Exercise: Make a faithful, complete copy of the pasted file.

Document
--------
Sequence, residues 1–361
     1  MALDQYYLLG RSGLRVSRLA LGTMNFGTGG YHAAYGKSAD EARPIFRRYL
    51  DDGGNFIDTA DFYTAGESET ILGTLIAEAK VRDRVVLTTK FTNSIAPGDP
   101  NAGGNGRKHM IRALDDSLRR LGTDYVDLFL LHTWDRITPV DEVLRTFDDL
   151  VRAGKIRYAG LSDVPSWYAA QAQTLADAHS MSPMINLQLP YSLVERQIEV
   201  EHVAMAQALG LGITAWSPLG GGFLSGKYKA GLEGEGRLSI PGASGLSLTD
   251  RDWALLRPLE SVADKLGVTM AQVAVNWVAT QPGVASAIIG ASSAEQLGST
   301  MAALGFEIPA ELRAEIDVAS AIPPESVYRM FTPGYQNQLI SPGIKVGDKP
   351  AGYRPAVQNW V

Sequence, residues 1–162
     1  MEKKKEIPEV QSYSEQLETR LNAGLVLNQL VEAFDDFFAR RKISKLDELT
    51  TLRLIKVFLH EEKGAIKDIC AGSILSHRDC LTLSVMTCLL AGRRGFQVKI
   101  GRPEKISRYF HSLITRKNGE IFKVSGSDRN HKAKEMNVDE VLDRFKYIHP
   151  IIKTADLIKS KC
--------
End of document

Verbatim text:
Sequence, residues 1–361
     1  MALDQYYLLG RSGLRVSRLA LGTMNFGTGG YHAAYGKSAD EARPIFRRYL
    51  DDGGNFIDTA DFYTAGESET ILGTLIAEAK VRDRVVLTTK FTNSIAPGDP
   101  NAGGNGRKHM IRALDDSLRR LGTDYVDLFL LHTWDRITPV DEVLRTFDDL
   151  VRAGKIRYAG LSDVPSWYAA QAQTLADAHS MSPMINLQLP YSLVERQIEV
   201  EHVAMAQALG LGITAWSPLG GGFLSGKYKA GLEGEGRLSI PGASGLSLTD
   251  RDWALLRPLE SVADKLGVTM AQVAVNWVAT QPGVASAIIG ASSAEQLGST
   301  MAALGFEIPA ELRAEIDVAS AIPPESVYRM FTPGYQNQLI SPGIKVGDKP
   351  AGYRPAVQNW V

Sequence, residues 1–162
     1  MEKKKEIPEV QSYSEQLETR LNAGLVLNQL VEAFDDFFAR RKISKLDELT
    51  TLRLIKVFLH EEKGAIKDIC AGSILSHRDC LTLSVMTCLL AGRRGFQVKI
   101  GRPEKISRYF HSLITRKNGE IFKVSGSDRN HKAKEMNVDE VLDRFKYIHP
   151  IIKTADLIKS KC